July 29, 2014

Elyria
Partly sunny
70°F
test

Browns’ comedy of errors not so funny: Crennel wants fewer mistakes

BEREA – Browns coach Romeo Crennel typically sees a glass as half-full, rather than half-empty.
On Monday, however, he adopted a different attitude when discussing Cleveland`s 27-21 loss to the Arizona Cardinals one day earlier.
“If you chose to, you could look at some of the positives, but I choose to look at all the other plays that we screwed up,“ Crennel said. “We lost a game that we didn`t play well enough to win.“
The main reasons for Crennel`s unhappiness were found in two areas: penalties and turnovers.
The Browns were flagged 10 times for 77 yards – many coming at critical times – and had two interceptions and a lost fumble in their first four drives.
While quarterback Derek Anderson was responsible for all three of the aforementioned turnovers, the plethora of penalties was truly a team effort.
Among the lowlights: Leigh Bodden kicking the football after an incompletion, Anderson intentionally grounding his first pass of the day, Brodney Pool committing a late hit and Simon Fraser head-butting an opponent on a kickoff return.
“A lot of times, this team has found a way to overcome them,“ guard Eric Steinbach said of the numerous flags. “But eventually, they`re going to bite you in the (expletive).“
And bite they did in Arizona, costing Cleveland a game that could have propelled it into great position in the playoff race. Instead, the only place the Browns moved was into the top three in the NFL in both season penalties (95) and penalty yardage (716).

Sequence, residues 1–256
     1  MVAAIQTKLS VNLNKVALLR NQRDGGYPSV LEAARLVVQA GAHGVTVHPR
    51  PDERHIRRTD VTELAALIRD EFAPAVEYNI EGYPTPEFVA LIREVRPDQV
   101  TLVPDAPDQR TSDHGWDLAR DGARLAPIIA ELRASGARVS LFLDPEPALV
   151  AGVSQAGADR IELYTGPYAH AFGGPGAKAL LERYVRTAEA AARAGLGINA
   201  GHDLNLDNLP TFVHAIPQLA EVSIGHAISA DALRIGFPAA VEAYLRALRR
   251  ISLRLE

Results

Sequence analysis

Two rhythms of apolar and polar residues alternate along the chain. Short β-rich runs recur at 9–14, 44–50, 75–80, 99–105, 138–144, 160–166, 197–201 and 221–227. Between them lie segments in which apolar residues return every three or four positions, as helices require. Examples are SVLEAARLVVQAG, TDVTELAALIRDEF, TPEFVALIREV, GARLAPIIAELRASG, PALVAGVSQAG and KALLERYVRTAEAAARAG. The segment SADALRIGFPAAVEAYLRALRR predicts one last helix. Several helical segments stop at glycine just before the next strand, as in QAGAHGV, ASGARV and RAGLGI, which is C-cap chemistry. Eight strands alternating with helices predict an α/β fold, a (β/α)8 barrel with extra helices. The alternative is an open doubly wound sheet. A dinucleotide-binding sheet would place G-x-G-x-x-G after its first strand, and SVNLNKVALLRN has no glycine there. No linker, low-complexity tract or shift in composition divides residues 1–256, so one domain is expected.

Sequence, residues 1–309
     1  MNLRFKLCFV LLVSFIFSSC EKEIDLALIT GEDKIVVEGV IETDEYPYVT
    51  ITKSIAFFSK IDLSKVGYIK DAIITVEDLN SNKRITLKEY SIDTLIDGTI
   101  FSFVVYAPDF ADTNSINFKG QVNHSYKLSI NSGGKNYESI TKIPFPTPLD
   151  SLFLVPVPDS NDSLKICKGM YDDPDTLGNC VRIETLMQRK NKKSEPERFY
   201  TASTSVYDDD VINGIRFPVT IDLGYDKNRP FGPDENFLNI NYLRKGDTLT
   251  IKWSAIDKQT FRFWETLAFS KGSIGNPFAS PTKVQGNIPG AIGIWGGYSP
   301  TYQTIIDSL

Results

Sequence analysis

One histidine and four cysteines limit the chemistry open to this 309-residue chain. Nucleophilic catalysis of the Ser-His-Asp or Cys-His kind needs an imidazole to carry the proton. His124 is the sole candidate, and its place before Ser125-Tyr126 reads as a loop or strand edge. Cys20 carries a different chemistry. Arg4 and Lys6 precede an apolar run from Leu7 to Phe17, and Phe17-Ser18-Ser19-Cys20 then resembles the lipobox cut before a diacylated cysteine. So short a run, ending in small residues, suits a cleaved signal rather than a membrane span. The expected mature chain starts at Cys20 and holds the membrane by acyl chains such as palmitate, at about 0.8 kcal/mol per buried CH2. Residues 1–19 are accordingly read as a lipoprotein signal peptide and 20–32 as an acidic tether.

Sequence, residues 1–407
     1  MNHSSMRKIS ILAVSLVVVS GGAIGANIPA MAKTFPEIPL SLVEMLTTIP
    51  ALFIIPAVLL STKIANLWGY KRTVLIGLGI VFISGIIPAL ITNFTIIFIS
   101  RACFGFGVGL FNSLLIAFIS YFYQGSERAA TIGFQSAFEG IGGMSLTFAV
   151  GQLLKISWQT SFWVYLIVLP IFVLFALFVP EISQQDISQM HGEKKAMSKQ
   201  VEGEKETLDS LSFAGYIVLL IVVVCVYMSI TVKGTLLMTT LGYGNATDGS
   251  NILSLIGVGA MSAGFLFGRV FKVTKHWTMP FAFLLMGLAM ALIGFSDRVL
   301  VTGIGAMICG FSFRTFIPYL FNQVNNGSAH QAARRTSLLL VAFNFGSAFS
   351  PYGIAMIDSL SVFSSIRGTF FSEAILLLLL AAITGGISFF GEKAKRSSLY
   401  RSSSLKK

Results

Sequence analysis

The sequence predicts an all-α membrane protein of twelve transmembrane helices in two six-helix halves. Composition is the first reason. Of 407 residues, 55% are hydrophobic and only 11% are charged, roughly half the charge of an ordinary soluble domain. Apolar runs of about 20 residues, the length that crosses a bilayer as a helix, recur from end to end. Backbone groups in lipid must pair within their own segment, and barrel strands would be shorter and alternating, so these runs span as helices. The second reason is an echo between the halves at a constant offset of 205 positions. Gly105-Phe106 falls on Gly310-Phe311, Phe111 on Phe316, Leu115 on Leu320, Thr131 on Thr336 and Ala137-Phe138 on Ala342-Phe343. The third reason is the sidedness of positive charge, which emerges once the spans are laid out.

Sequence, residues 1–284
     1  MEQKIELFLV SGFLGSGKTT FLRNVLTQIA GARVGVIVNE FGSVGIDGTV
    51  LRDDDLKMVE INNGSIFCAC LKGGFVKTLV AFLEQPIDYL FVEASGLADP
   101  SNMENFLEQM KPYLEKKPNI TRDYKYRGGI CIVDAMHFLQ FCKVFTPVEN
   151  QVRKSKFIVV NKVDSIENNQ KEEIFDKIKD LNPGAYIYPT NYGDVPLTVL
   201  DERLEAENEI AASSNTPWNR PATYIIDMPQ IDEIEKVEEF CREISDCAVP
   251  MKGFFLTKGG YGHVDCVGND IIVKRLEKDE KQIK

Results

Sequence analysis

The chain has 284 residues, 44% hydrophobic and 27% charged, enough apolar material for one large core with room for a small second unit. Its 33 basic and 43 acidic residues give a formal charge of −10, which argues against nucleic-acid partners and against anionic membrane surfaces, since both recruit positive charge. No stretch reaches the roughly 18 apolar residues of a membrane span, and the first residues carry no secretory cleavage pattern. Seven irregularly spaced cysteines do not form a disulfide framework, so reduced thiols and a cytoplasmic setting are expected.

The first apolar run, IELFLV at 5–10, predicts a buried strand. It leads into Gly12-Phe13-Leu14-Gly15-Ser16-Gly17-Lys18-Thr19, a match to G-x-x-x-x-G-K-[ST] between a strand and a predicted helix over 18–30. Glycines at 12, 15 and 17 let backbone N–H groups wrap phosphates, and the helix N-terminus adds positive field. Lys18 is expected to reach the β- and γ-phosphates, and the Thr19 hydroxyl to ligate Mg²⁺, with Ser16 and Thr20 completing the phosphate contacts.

The Cardinals (108 penalties for 875 yards) and Packers (95 and 852) join Cleveland in the upper echelon of those dubious categories. The league averages are 71 and 555.
“We had far too many penalties and just didn`t play smart football yesterday,“ Crennel lamented. “Things like that are disappointing because, as a coach, you know if you play smart football, it gives you a chance to win.
“It makes you think that you didn`t do a good job coaching. Based on the way we played, I could have done a much better job.“
Crennel, though, didn`t kick the ball after a play in the first quarter or use his helmet as a weapon in the final two minutes of the fourth.
Those mistakes were all on Bodden and Fraser, respectively.
“We talk rules a lot,“ the coach said. “The officials are here in training camp (for a week), we make a rules presentation to the players and the league sends videos over the course of the season.“
When Crennel was told Bodden said he didn`t know kicking a dead ball was a penalty, his frustration became even more obvious.
“If he didn`t know that kicking the ball wasn`t a penalty, then why don`t a lot of people kick balls?“ he asked. “You can`t kick the ball – unless you`re a kicker. If he didn`t know, then I did a poor job.“
Rest assured, if Crennel has anything to do with it, there will be no repeat incidents the rest of the season.
The Browns will spend part of this week going over fundamentals and the need to show self-restraint during games. Based on their performance Sunday, it figures to be time well spent.
“We need to emphasize the ramifications of the choices they make on the field,“ Crennel said. “In my estimation, those were the critical things in the game.
“If we eliminate them, then we could have won the game. And that could have helped us as the season progresses.“
Contact Brian Dulik at sports@ohio.net.